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CMA Calls out Microsoft’s Bullying in Approving its Activision-Blizzard Buy

Did the CMA Buckle to Big Tech’s Bullying?

Oct 16, 2023


  • When any regulatory authority buckles to an aggressive multipronged intimidation campaign, it emboldens and enables continued bad behavior by Big Tech.
  • Microsoft and Activision-Blizzard won approval after threats to divest from the UK and hold their consumers hostage.
  • The CMA originally dismissed behavioral remedies in denying the merger but has landed there anyway.

Every Friday the 13th, someone is bound to be unlucky. October 13th was no different. This Friday the 13th, gamers, developers, consumers, and competition are the big losers. Hours after the Competition and Markets Authority (CMA) gave the merger conditional approval, Microsoft closed the largest merger in tech history with Activision-Blizzard.

The unprecedented U-turn by the CMA followed an aggressive multipronged intimidation campaign by the world’s second-largest company. Sarah Cardell, CEO of the CMA, didn't mince words when discussing Microsoft's tactics:

But businesses and their advisors should be in no doubt that the tactics employed by Microsoft are no way to engage with the CMA. Microsoft had the chance to restructure during our initial investigation but instead continued to insist on a package of measures that we told them simply wouldn’t work. Dragging out proceedings in this way only wastes time and money.

However, the regulator let the merger proceed with a press release headline exclaiming, “Microsoft concedes a game changer that will promote competition.” The CMA claims that the divestment of cloud gaming rights to Ubisoft will do the following:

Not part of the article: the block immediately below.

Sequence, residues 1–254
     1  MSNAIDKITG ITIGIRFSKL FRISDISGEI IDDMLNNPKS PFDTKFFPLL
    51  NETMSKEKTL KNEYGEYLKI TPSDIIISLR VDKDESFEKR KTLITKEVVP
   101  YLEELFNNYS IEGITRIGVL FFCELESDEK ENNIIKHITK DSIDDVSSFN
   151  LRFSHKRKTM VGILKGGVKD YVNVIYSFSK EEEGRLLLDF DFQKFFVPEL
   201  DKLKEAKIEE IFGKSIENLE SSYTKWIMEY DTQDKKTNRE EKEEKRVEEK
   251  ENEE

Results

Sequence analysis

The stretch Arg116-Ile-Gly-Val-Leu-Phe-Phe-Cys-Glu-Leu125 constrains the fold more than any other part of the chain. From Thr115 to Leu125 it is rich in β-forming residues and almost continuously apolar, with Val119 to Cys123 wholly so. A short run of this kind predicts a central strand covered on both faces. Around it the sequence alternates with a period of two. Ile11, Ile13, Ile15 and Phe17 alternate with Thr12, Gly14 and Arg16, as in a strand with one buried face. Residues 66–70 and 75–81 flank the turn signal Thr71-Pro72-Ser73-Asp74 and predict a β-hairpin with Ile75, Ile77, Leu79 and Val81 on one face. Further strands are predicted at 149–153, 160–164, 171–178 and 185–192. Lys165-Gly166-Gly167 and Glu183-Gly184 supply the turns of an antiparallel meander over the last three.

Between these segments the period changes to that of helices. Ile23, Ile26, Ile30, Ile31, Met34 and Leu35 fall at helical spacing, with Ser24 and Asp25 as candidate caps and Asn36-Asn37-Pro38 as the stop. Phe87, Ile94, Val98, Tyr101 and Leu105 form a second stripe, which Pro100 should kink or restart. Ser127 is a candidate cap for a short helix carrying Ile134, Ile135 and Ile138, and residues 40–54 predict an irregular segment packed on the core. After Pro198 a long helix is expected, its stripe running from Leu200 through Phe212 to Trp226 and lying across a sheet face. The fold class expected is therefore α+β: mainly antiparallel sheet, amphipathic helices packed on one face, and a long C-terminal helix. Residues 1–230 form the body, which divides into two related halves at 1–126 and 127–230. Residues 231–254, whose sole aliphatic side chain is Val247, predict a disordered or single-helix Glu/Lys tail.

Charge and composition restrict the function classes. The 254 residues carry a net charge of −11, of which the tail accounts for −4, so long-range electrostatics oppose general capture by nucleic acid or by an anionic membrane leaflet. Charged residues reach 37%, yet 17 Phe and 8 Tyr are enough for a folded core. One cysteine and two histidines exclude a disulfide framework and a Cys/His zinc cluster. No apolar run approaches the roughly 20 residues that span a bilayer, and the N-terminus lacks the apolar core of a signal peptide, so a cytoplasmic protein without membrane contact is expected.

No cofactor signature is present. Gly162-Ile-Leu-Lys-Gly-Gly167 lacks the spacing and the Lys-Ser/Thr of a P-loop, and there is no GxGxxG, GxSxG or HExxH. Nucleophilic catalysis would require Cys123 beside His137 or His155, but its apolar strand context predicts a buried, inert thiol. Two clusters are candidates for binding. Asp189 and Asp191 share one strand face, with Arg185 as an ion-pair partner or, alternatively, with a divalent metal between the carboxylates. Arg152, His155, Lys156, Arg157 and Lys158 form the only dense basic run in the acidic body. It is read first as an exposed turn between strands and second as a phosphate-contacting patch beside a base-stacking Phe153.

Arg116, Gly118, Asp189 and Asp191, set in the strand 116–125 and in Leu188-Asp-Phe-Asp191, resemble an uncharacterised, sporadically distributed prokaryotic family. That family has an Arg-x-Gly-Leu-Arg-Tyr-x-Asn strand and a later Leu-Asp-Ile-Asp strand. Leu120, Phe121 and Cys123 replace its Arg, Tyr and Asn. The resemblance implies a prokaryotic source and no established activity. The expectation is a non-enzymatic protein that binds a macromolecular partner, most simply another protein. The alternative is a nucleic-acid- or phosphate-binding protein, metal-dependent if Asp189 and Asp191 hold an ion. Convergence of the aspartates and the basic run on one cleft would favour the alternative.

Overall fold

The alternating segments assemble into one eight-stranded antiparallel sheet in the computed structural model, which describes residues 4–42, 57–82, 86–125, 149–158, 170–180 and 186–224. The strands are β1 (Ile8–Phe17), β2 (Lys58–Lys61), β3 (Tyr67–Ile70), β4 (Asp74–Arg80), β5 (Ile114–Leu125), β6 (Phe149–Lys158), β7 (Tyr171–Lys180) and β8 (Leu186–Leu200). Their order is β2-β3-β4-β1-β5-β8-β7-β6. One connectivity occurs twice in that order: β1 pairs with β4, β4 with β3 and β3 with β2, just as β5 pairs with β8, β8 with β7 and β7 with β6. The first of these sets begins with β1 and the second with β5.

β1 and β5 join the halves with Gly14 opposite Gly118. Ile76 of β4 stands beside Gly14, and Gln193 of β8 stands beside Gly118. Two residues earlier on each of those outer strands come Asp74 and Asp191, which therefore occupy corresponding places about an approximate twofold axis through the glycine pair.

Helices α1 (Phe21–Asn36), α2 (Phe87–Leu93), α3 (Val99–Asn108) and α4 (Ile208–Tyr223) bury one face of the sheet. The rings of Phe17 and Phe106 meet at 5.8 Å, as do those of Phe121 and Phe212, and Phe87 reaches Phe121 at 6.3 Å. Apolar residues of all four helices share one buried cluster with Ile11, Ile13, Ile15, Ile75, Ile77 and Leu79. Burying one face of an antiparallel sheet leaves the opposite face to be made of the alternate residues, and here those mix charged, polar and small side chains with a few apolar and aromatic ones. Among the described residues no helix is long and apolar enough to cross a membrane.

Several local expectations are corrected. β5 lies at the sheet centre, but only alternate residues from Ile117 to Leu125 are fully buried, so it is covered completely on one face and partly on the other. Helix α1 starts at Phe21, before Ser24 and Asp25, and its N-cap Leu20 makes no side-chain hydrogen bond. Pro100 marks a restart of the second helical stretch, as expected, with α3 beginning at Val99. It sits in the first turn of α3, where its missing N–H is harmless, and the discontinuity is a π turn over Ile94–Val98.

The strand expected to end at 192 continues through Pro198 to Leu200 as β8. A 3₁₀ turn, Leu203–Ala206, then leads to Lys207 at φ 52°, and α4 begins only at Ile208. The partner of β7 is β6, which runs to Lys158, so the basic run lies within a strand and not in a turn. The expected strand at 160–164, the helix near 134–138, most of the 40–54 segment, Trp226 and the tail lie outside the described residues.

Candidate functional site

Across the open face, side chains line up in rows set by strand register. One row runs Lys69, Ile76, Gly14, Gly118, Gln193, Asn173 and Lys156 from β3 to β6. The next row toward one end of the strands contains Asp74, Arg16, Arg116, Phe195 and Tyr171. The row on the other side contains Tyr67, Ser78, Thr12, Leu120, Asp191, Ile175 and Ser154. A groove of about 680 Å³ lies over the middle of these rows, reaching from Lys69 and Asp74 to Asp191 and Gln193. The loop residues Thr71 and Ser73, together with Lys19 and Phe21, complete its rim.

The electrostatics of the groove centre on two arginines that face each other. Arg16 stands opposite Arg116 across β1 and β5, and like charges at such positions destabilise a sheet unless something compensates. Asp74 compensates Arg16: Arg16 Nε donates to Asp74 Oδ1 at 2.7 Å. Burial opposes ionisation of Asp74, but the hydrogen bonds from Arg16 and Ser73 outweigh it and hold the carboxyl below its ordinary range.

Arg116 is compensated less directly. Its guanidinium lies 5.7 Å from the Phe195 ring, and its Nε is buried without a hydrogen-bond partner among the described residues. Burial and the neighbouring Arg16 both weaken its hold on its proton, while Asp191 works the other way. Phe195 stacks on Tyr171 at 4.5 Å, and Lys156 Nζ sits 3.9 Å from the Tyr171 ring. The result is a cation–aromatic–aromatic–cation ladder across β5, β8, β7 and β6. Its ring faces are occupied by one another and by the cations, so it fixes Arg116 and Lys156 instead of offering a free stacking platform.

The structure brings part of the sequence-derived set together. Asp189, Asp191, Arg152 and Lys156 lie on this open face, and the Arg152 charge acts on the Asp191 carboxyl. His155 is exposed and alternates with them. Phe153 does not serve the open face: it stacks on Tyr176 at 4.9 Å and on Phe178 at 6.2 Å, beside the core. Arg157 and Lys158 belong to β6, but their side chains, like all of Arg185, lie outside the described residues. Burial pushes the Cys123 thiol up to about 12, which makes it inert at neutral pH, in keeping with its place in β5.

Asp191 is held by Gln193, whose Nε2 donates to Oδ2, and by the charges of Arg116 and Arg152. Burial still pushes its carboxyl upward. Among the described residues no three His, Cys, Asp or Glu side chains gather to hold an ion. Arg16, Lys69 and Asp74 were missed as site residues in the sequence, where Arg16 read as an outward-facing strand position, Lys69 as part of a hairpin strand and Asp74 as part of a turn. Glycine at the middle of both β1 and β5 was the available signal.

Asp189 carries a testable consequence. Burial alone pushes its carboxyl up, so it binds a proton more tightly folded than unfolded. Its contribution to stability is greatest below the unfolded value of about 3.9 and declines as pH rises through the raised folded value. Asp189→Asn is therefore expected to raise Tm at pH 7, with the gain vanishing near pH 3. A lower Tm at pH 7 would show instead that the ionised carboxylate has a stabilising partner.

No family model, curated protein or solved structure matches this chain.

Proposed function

The new deal will stop Microsoft from locking up competition in cloud gaming as this market takes off, preserving competitive prices and services for UK cloud gaming customers. It will allow Ubisoft to offer Activision’s content under any business model, including through multigame subscription services. It will also help to ensure that cloud gaming providers will be able to use non-Windows operating systems for Activision content, reducing costs and increasing efficiency.

While the revised deal is referred to as a divestment, it's important to recognize that it still requires continual monitoring by the CMA to ensure compliance with the accepted undertakings.

In other words, it's more behavioral in nature, representing a departure from the CMA's original justification for denying the deal in April. In a press release at the time, the CMA said, “accepting Microsoft’s [behavioral] remedy would inevitably require some degree of regulatory oversight by the CMA. By contrast, preventing the merger would effectively allow market forces to continue to operate and shape the development of cloud gaming without this regulatory intervention.”

While the CMA insists that its decision is based on comprehensive undertakings, it's hard to ignore the lingering questions about the influence and tactics of a tech giant like Microsoft. And we’re left with a situation where one nation’s regulator is expected to police the behavior of a two-trillion-dollar behemoth that has a history of lying to regulators and violating its commitments.

All said and done, did Microsoft’s bully campaign work? We’ll let you decide.